How Can I Get a Funeral Director's License?
Being a funeral director requires maintaining professional standards and complying with legal regulations. Every state has laws regulating funeral directors, which include licensing. Obtaining a funeral director's license is a multi-step process that includes meeting education and training requirements and passing board exams. Schools offering Funeral Service Management degrees can also be found in these popular choices.
Funeral Director's License Requirements Overview
In every state except Colorado, funeral directors must be licensed, which means you must meet the requirements set by the state in which you wish to work. While such requirements vary, they typically include being a minimum age, meeting education standards, having the proper training and passing a licensing exam. Typically, applying for licensure also requires U.S. citizenship. Some states might require additional prerequisites, such as passing a test on communicable diseases.
Important Facts About Morticians, Undertakers, and Funeral Directors
|Median Salary (2014)||$47,250|
|Entry-level Education||Associate's degree|
|Job Outlook (2012-2022)||12%|
|Work Environment||Homes, houses of worship, funeral homes, gravesites or crematories|
Source: U.S. Bureau of Labor Statistics
Most funeral service or mortuary science programs lead to an associate's degree, although there are a few bachelor's degree programs. You should enroll in a program that has been accredited by the American Board of Funeral Service Education (ABFSE) to ensure proper training. These programs introduce you to science topics pertinent to funeral directors, including microbiology and anatomy. You also learn embalming and restorative arts techniques. In addition to science courses, the program includes courses in business and funeral service laws and ethics, management principles and accounting; in psychology classes, you study grief and death counseling.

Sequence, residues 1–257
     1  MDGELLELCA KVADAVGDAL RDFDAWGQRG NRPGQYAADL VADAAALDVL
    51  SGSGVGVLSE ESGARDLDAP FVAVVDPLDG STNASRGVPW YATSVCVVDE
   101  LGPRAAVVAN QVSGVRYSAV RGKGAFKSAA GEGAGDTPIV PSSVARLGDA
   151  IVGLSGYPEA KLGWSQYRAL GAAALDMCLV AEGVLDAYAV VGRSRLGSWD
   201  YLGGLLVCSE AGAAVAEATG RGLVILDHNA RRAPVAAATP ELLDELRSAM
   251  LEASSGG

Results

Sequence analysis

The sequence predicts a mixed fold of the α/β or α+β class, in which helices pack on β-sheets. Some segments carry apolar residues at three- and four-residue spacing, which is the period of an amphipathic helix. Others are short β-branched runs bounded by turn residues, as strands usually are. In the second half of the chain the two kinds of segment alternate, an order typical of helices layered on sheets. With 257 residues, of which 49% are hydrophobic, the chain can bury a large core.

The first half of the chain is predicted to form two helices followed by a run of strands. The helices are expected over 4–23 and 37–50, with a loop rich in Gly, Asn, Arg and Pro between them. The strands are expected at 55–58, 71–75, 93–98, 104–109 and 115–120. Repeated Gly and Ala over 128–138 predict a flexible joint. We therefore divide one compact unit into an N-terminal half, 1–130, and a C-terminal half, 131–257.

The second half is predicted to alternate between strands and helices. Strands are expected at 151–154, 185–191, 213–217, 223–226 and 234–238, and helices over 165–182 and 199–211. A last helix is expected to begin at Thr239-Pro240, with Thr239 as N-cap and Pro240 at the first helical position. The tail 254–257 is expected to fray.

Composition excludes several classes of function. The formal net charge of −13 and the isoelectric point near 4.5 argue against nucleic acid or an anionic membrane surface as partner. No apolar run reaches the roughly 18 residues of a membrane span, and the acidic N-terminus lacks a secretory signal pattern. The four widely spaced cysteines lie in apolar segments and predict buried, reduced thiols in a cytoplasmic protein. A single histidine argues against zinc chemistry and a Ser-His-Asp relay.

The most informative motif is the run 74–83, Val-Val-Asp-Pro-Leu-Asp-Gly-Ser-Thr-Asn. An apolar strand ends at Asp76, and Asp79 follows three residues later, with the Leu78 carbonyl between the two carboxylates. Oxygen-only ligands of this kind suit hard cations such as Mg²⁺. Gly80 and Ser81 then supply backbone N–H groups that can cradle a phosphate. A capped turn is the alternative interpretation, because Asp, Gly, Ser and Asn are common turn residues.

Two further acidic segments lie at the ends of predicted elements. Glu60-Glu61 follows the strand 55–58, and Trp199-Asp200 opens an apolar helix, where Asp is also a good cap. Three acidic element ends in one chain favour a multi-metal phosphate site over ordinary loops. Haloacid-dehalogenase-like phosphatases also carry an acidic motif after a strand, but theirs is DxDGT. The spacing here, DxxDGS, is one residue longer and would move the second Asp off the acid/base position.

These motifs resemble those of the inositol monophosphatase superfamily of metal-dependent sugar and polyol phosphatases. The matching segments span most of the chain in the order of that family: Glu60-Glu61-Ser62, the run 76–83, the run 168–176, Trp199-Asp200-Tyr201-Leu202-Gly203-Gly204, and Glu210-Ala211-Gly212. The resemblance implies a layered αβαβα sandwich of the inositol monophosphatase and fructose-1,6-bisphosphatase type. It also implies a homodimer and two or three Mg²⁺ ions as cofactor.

Practical training and experience from an apprenticeship is usually part of state requirements. Either form of training must be done under the supervision of a licensed funeral director. In most instances, you're required to have earned a funeral service or mortuary science degree before entering an apprenticeship. Apprenticeships typically last one year and usually involve completing a minimum number of funeral services or cases. Most commonly, 25 cases must be completed during the span of the apprenticeship.
There is a national exam available through the International Conference of Funeral Service Examining. Some states' exams may also be administered through the Conference. Exams usually cover two broad areas of funeral service: arts and sciences. The arts section covers law, psychology, business, accounting and management. Microbiology, restorative arts, chemistry and anatomy are tested in the science section. Funeral directors generally must complete continuing education courses to maintain their licenses.
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